Some songwriters are very much products of their upbringings and their surroundings, and it informs who they are as artists and performers. The influence that his hometown has had on his songwriting is undeniable for Chaepter and his brand new single “The Boonies,” which comes ahead of the release of the Chicago-based songwriter’s debut record Kicking The Cat on October 7th.
While he moved to Chicago a few years ago, Chaepter’s roots lay within small-town Illinois, in rural communities where hopes and dreams go to die and fade away into oblivion. This is the general theme behind both the album and this specific single “The Boonies,” and what both cities and rural communities represent to their inhabitants, and how our surroundings dictate the individuals that we become.
Explaining his thought process behind the new single, Chaepter states:
“When I wrote ‘The Boonies,’ I was thinking a lot about the rural Midwest. It’s full of so much decay: dying towns, abandoned factories, Jesus billboards. I wanted to capture that feeling of surrealness that comes with seeing it or being around it, as well as the collective anxiety of rapture and end times, and how that exists in both cities and rural communities. City dwellers and rural folks alike feel that the end is near, but for different reasons.”
Kicking The Cat has been in the works now for a few years, Chaepter’s debut full-length that he wrote, recorded, and produced entirely on his own as a sort of bedroom project. Collectively, its 14 songs are his own musings on aloneness, family trauma, and religious decay. He has described the record as a “Midwest gothic” about how trauma tends to manifest itself and then get passed on from generation to generation. ‘Kicking the cat’ is a metaphor of how this trauma gets passed down, taken from an old adage Chaepter was exposed to as a child; boss gets mad at worker, worker goes home and yells at their partner, the partner gets angry with their child, and the child kicks the cat.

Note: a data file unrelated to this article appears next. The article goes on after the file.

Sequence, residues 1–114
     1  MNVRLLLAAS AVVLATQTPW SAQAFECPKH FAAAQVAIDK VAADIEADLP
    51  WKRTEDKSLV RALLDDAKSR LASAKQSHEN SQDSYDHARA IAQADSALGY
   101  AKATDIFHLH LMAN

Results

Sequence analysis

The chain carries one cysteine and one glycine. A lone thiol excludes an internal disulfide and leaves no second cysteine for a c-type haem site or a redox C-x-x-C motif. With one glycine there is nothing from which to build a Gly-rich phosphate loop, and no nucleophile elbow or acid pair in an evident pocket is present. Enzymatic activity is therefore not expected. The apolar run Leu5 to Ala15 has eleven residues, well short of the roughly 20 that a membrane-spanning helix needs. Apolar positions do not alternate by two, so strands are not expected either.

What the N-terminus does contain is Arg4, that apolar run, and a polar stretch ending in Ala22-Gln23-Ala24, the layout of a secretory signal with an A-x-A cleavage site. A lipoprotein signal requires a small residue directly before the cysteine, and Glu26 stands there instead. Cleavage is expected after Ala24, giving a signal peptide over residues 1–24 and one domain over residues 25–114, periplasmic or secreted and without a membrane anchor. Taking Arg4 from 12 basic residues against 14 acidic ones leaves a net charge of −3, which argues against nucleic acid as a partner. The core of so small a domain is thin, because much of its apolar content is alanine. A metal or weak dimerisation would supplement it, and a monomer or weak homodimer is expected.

Growing up in a Catholic family and attending Catholic school, Chaepter saw a lot of religious decay and got a firsthand look at how it moulded himself, his community, and his own worldview. There’s a significant connection here in how geographical regions influence who we are and our emotional state. Wise and mature beyond his years, Chaepter is certainly not short on big ideas, and he’s capably put together a very refined, cultivated, and progressive piece of work.
Kicking The Cat Track Listing:
1. If You Love Me
2. In Flux
5. New Day New Bby
6. Oddity / Lobotomy
7. As My Witness
8. On the Mend
10. The Boonies
11. The Prairie
12. The Preacher Has Been Lying
13. Kicking the Cat
14. Habits (the best in people)